A Bird in the Hand
Jug Bay’s bird banding study finds old friends and new surprises
story and photos by Dotty Holcomb Doherty
A small miracle happens when you hold a bird. For a moment, a wisp all shining eyes and rapid-beating heart flutters in the palm of your hand.
Scientists at Jug Bay Wetlands Sanctuary retain this sense of wonder. Their banding program focuses on data and research, but they can’t help marveling at these tiny feathered beings that draw them together each summer. Anticipation fuels their steps as they rise early to learn more about the birds they love.
Fourteen rows of mist nets hung almost invisibly along a mile-long circuit of woodland and marsh trails one early morning last August. The day’s heat, even at 7am, was pasting our shirts to our backs.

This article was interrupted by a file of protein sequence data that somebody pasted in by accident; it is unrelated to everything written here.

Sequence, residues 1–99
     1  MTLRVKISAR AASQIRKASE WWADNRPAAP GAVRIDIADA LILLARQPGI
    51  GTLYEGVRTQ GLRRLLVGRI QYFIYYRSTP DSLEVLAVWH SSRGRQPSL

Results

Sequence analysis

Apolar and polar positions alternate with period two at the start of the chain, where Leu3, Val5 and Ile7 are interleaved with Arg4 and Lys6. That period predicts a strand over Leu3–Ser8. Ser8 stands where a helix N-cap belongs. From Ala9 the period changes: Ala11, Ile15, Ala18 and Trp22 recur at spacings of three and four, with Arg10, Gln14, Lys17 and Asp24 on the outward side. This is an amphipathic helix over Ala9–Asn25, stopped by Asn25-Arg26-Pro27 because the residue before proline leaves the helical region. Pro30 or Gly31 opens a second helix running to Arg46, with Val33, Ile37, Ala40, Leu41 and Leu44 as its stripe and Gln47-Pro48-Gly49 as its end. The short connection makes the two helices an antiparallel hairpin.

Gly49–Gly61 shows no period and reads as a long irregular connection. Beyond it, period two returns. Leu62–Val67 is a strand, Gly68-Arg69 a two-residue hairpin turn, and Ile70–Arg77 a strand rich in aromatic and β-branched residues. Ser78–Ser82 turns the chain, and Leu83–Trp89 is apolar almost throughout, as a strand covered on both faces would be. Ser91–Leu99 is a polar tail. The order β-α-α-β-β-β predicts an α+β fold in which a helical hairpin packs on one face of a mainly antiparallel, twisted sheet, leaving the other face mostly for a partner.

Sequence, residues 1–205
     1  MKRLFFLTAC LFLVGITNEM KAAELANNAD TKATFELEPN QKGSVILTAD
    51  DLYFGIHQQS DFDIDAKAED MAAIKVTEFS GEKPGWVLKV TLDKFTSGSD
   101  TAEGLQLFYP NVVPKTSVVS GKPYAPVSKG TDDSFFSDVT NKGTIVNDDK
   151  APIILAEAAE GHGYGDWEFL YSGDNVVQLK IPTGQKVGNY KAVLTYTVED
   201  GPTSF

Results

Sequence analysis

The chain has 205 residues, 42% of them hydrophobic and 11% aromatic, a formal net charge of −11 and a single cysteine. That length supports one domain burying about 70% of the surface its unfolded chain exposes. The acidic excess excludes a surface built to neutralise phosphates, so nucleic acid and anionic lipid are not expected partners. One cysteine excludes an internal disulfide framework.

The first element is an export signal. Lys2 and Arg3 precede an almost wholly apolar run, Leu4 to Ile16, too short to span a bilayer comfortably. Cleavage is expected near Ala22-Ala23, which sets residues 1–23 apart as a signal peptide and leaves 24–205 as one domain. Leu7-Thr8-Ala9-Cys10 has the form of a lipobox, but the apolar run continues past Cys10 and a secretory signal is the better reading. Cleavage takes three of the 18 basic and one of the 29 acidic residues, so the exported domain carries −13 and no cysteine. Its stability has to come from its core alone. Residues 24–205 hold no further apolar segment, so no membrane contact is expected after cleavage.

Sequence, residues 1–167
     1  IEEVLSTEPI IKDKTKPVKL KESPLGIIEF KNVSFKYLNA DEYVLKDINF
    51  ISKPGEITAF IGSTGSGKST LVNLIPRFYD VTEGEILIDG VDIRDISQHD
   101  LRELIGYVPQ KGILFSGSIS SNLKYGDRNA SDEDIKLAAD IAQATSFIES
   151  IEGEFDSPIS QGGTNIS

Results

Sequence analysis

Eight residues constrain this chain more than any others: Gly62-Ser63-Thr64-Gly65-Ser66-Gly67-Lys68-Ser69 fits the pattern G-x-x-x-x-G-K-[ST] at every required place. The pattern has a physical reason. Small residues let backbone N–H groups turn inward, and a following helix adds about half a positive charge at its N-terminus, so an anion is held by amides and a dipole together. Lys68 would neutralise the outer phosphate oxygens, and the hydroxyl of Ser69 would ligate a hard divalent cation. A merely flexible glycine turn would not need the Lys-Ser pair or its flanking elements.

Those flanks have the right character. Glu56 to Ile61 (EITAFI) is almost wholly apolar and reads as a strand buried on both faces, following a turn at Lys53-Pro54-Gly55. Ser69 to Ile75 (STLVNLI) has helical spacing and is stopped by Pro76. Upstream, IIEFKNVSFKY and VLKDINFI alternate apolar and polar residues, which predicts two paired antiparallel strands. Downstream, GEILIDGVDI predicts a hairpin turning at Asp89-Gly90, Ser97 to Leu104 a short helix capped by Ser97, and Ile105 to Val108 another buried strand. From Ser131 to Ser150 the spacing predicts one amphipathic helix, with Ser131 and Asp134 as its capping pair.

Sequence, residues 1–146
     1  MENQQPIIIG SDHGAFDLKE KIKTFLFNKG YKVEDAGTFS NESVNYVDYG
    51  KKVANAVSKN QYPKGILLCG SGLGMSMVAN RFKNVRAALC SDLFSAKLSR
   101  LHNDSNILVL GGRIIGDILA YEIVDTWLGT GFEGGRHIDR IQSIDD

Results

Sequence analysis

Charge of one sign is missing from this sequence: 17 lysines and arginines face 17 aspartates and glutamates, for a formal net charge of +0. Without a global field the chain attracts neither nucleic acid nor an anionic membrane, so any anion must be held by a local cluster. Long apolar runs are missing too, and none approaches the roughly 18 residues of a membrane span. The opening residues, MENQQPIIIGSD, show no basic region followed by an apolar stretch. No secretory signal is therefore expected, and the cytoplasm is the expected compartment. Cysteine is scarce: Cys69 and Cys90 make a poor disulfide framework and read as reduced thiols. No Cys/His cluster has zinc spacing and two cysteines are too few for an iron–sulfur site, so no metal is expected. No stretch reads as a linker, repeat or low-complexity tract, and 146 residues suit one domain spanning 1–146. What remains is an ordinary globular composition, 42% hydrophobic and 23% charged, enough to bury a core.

Mike Quinlan, a volunteer naturalist who works on several of Jug Bay’s studies, extricated a yellowthroat from one of the nets. The tiny warbler, head peeking from his closed hand, weighed less than a bandana. Washed in tawny yellow and green, she was drab compared with her male counterpart, whose black face-mask offsets a saffron throat. Quinlan encircled her leg with an aluminum band, a unique number now entering her into the realm of research.
Each bird caught, banded, identified and measured provides clues for the bird banding project MAPS, short for Monitoring Avian Productivity and Survivorship. For 17 years, on over 500 sites around the northern hemisphere, this bird-banding project has gathered data on breeding birds that spend the summer nesting here. By learning more about these summer birds, researchers better understand what they need and how to protect them. Jug Bay Wetlands Sanctuary has been banding summer birds since 1990, making it one of the oldest continually observed sites in the MAPS project.